Public awareness of the issue is, of course, nothing new.

    Our research established sexual misconduct cases had enormous potential to mobilize wide-spread stakeholder activism in support of victims, and that these groups were prepared to engage aggressively with organizations. What that research could not have anticipated was that in 2018 the power of social media could viralize this kind of activity into a global phenomenon.

    Milano, a Weinstein accuser, used the #MeToo hashtag on Twitter to encourage other women (and men) to share their experience of sexual violence. Within 24 hours the message had reached 500,000 people.

    By November, Twitter confirmed that 1.7 million tweets had been created worldwide using the hashtag. Facebook, meanwhile, confirmed to CBS News that in the 24 hours following Milano’s tweet, the hashtag had appeared in a stunning 17 million posts and comments.

    Thus, a beat change in attitudes and tolerance that began in Hollywood is spreading to other sectors as we go further into 2018. It seems 2017 will go down as a landmark year in the fight against sexual discrimination and harassment in the workplace. It has ushered in a new era of awareness and activism that represents a pivotal moment.

    And there is an opportunity here for business leaders to be part of this change; to intensify focus instead of turning a blind eye. To lead the solution instead of dealing with damage control.

    The entertainment sector has been a lightning rod for sexual harassment, but all sectors are vulnerable to this issue in today’s global economy where diversity is a key business asset.

    Armed with these insights, business leaders today can make a choice: to wait to be called out and suffer the consequences. Or to be proactive in tackling sexual misconduct within their organizations.

    Leaders need to ensure that they are doing what it takes to:

    • Prevent harassment from taking place
    • Create a culture where harassment cannot thrive
    •  Resolve issues effectively when they do occur

    There are a number of significant, effective and concrete measures that firms that can take to be proactive, including:

    • Enacting and comprehensive anti-harassment policies
    • Ensuring policies are communicated and are accessible to all employees
    • Clearly defining what harassment means
    • Clearly define complaints, processes and procedures
    • Define investigation procedures that defend the rights of the accuser and the accused
    • Define anti-bias measures
    • Articulate and enforce measures to ensure the well-being of complainants – including workplace safety measures: schedules, workspaces, escorts, etc.
    • A statement of zero tolerance in cases of retaliation against accusers
    • Commitment to investigating all complaints fairly and transparently

    For business leaders and decision-makers there is a clear imperative.

    It is incumbent on leaders to set the tone at the top: to model transparency and integrity, while making the commitment to abide by policies and strategies to be implemented at every level of their organization.

    Click here for the complete report on our research.

  • We must continue to work hard in higher education, business on issues of gender equality

    It’s been just more than a year since I issued a call to the Atlanta business community to step up efforts in gender equality. I’m very grateful to the Atlanta Business Chronicle for publishing an op-ed and continuing to take time to recognize “women who mean business.”

    Our own efforts at the business school include hosting the annual, #GoizuetaENGAGE Conference – a chance for corporate partners, alumni and current and prospective students to gather for conversation and inspiration.

    We formed the conference to support the WE:ENGAGE Initiative – a focus on improving diversity programs and educating women on opportunities stemming from business education. Our school has taken a stand on this issue, committing to dialogue in support of women in industry and higher education as a whole, including graduate schools across Emory University.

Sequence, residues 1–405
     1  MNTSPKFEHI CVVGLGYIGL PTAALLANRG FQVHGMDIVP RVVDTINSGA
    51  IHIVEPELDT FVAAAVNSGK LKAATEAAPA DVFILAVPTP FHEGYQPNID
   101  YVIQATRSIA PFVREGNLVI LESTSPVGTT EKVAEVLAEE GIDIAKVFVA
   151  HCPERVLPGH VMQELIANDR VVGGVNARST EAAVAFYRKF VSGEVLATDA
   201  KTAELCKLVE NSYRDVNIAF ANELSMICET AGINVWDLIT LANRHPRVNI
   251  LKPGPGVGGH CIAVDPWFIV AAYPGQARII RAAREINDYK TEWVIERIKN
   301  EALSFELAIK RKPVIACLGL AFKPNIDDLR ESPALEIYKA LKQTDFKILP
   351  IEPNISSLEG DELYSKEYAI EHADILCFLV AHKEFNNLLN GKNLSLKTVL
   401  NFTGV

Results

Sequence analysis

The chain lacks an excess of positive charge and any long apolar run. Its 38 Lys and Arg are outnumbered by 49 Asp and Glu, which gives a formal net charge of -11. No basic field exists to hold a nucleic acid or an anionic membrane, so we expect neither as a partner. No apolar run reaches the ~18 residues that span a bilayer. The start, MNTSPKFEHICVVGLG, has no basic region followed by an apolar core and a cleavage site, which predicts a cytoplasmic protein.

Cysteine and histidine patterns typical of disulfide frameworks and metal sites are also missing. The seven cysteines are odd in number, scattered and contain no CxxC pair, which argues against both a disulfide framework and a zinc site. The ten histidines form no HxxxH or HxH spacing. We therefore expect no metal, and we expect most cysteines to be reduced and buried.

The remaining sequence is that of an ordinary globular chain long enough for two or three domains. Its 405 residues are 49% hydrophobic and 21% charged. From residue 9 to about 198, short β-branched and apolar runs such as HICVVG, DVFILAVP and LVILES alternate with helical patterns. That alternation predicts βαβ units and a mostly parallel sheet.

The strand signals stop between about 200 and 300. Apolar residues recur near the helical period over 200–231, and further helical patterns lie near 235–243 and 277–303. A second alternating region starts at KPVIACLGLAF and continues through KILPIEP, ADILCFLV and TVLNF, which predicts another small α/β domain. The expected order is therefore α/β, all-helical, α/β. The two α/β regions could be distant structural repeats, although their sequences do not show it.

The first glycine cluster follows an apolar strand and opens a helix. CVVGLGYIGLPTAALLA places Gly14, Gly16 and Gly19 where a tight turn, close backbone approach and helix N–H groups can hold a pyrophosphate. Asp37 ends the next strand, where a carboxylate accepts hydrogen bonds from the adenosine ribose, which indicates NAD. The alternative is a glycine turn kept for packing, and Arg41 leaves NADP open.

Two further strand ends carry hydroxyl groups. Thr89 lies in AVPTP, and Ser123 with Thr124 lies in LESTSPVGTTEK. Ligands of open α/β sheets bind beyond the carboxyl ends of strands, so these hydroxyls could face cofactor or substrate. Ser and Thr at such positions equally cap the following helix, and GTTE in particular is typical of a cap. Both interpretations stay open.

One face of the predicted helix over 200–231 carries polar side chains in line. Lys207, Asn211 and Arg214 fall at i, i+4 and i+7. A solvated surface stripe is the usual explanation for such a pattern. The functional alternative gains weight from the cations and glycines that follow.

I’m glad to report progress.

    In the past year, the business school raised the percentage of women in the Full-Time MBA program by 6 percent. We also welcomed students from 22 different countries. Since 2014, 15 female tenure or tenure-track faculty members have been hired, including six of 12 hired in Fall 2017. Four of our six PhD graduates hired by universities in 2016 are women.

    But, speaking candidly, this is not good enough. Higher education and businesses of many industries have work to do.

    Every day we step into situations that require particular attention to the task at hand. We must maintain the commitment to collaboratively create “a new normal” for women in business.

    The numbers are already here.

    According to the National Association of Women Business Owners, in 2015, more than 9.4 million firms in the U.S. are owned by women. Those firms employ nearly 7.9 million people and account for 31 percent of all privately held organizations.

    Yet we still encounter stories in the paper, online, on the radio and at the water cooler that paint disjointed pictures of treatment, opportunity and pay. There are also divisions and allegations in politics that, while presenting an unfortunate opportunity to increase conversation and productive dialogue, too often present setbacks to our cause.

    I’ve spoken with many deans and business leaders, male and female, about the issues. We share ideas on building and strengthening the pipeline of female students and understand business schools are an important source of tomorrow’s great leaders. But, to create lasting change, business and business schools should strive for better alignment. Higher education brings a unique perspective on the future workforce and thought leaders eager to discover solutions.

    I believe there is power in bringing like-minded people together for a common cause. This is where #GoizuetaENGAGE and YOU can make a difference.

    If you are an alumnus, partner to one of Goizueta’s programs or just a member of the business community looking to spark change, I hope you can join us for #GoizuetaENGAGE 2017 Dec. 8. At the Loew’s Hotel in Midtown Atlanta.

    We all want to see more women in the classroom, create welcoming environments at work and empower women with knowledge and confidence for advancing careers.

    Let’s continue the effort. Together.

  • Work to be done increasing MBA popularity among women